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Bio-terror not only worry

BY SUSAN KIM | BALTIMORE | October 17, 2001

"Central Florida's food pantries are empty. The economic issues feel far more real, more disastrous (than anthrax scares)."

—Jody Hill

With the nation glued to news of the latest anthrax scares, other anxieties related to the terrorist incidents may be less visible. But they're no less real, according to disaster response leaders who

work with the public on a daily basis.

Jody Hill, executive director of Florida Interfaiths Networking in Disaster, said that economic worries are just as intense for some people in Florida as worries about anthrax.

"People seem to be holding up amazingly well (with

regard to anthrax), considering that anthrax has been

found in our backyard -- Palm Beach County."

Hill theorized that perhaps Florida residents are already

accustomed to continuous weather scares and that has

helped them cope.

But, she said, people aren't weathering the economic

impact as well. "The economic impact is up front here

and, for many, already very personal," Hill said, in

what she described as "the crushing impact on Florida's

tourist industry."

Some 88,000 employees have been laid off in central

Florida alone, she said, with many charitable

contributions going to New York City. "Central Florida's

food pantries are empty," she said. "The economic issues

feel far more real, more disastrous (than the anthrax


Anthrax isn't uppermost in the minds of residents in

rural North Carolina, either, said Barbara Tripp, who

works with the North Carolina Conference of the United

Methodist Church's disaster recovery ministries.

Tripp works with families still trying to rebuild their

homes destroyed by Hurricane Floyd in 1999.

"Most of the people we work with do not travel in

circles where the reports of anthrax have appeared," she


Instead, these families are worried that volunteers

won't come to help them because people are unwilling to


"We have had lots of cancellations by volunteer teams

that are now afraid to travel away from home or afraid

to commit to a trip in the unknown future," said Tripp.

Military towns may be focused on their base personnel,

wondering if and how long their family members will be

away, said George Strunk with Lutheran Disaster

Response. "I live in a military town. Our anxiety is

wondering if our base military personnel will deploy and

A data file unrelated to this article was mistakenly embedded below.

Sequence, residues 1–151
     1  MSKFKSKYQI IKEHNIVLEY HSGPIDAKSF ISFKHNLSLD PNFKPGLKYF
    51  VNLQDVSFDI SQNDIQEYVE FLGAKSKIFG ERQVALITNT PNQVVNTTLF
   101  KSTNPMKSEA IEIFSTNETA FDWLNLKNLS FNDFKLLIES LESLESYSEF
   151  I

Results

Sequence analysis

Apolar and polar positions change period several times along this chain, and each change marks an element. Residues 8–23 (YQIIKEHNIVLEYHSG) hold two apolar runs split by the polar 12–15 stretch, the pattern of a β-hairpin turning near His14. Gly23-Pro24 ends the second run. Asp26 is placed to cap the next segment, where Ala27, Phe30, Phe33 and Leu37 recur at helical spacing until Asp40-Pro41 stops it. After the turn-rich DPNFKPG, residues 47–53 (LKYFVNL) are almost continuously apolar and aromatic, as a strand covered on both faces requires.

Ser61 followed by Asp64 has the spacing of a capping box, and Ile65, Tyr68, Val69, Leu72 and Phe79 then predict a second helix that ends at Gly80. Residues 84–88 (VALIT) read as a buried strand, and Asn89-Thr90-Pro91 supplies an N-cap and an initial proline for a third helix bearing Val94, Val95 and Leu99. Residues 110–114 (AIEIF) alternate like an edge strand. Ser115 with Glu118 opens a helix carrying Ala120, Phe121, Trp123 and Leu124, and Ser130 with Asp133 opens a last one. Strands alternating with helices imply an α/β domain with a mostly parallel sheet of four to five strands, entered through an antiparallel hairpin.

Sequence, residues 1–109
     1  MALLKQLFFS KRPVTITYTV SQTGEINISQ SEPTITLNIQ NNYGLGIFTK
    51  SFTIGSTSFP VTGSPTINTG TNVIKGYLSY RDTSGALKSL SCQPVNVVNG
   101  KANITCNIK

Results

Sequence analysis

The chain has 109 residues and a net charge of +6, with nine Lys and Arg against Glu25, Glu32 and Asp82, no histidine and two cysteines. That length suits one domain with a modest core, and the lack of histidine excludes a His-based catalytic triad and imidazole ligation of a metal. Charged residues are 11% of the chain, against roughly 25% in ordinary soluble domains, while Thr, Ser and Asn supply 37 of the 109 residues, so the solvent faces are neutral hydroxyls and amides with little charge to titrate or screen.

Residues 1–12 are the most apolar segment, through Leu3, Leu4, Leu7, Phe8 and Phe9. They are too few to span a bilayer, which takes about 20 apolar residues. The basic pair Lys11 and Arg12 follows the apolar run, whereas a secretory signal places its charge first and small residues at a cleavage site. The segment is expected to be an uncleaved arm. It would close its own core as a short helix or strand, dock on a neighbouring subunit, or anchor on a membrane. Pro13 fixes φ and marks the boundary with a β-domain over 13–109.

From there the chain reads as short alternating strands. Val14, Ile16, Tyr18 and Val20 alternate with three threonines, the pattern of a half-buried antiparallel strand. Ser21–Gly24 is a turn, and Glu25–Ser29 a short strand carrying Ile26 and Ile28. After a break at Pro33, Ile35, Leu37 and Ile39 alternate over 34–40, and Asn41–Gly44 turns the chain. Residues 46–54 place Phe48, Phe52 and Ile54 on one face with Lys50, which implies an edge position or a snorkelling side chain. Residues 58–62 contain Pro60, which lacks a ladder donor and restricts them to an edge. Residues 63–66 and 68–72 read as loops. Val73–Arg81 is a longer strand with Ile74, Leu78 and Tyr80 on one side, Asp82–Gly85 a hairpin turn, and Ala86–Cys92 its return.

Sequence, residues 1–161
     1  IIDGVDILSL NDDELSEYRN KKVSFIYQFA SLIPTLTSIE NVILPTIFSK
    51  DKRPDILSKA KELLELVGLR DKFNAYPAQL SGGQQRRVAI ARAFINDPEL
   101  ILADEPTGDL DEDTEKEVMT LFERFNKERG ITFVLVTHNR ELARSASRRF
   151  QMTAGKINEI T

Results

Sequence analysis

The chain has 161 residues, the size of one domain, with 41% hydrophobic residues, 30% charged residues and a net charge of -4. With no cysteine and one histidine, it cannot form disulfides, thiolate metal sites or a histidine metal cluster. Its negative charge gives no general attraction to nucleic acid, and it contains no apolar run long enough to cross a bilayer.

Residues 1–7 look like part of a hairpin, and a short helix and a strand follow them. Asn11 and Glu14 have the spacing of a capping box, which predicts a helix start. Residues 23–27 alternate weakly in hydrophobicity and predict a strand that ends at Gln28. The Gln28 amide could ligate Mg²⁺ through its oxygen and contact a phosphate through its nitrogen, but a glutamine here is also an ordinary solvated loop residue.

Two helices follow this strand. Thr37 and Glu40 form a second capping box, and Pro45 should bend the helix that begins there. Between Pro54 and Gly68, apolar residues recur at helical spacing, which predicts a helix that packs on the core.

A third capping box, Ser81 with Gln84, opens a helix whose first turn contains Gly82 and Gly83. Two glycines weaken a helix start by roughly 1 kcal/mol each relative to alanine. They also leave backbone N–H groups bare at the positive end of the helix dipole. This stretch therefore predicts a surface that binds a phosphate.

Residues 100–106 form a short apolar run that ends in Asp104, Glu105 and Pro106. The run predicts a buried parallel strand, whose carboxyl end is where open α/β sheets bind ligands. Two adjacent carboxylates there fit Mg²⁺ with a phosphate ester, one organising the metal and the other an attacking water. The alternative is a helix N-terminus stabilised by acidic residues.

how long they will be gone," he said.

And those who live near one 58 hydroelectric dams and

348 reservoirs operated by the U.S. Interior Department

are worried about security for the nation's water

supplies. A plan is underway in Congress that would

allow the Interior Department to contract with local law

enforcement officials to tighten such security.

The House Resources Committee expressed concern over the

lack of security at dam or water facilities in 17

Western states. Only the Hoover Dam, overseen by the

department's Bureau of Reclamation, is now protected by

its own force of armed guards.

Outside of Boulder, CO, the Gross Dam, built in 1954, contains some 627,559 cubic yards of concrete. The Gross Reservoir, which holds some 43,065 acre-feet of water, has a surface area of 440 acres and has 10.9 miles of shoreline.

The projected life for the Gross Dam is estimated at 1000

years, according to engineering reports. However, since its

completion, emergency officials have acknowledged four

major threats to its longevity: an earthquake along the

Golden fault, a huge flood seeping under the dam and

tipping it over, neglect of maintenance, and a terrorist


If the dam failed, Boulder would be literally wiped away

by the deluge of water. Denver Water, Boulder County

Emergency Management, the Boulder Sheriff's Emergency

Services, and the Eldorado Springs-Marshall Fire

Department have emergency plans and warning systems in

place in case the integrity of the dam is ever threatened.

But ever since Sept. 11 one of the four "unlikely

scenarios" that could threaten the dam suddenly appears less unlikely to some local officials and nearby residents.

So far, however, there haven't been any specific threats against water supplies, according to the American Water Works

Association (AWWA), a trade group with 57,000 members.

Much of the focus of tightened security related to water

facilities has been on potential chemical or biological

contamination of water supplies. But some experts say actually contaminating large amounts of water would be very difficult.

Because hazardous agents would be naturally diluted,

``the amount of chemicals required just to affect one

reservoir would be enormous,'' said AWWA spokesperson

Pam Krider.

But Professor Rae Zimmerman, director of the Institute

for Civil Infrastructure Systems at New York University,

said "there are certain agents that a fraction of any

quantity could have devastating effects, and you have to

protect against those.''

Already, the Environmental Protection Agency requires

water companies and municipalities to conduct tests for

a host of chemical or biological contaminants, including

E. coli and legionella, a bacteria that causes

Legionnaires' disease.

Executives at water companies said they have been in

touch with federal and local law enforcement

authorities. Emergency response programs and security

measures, many of which have been in place for years,

are now getting close review.

"We, like other water utilities, have been monitoring

both the sources and the water traveling through a

treatment plant," said Jim Harrison, a spokesperson for

American Water Works.

"You're running more tests than you used to, it's the

only way you can really do it," he said. "You're out

there spending a few extra bucks to monitor that you may

not have spent before."

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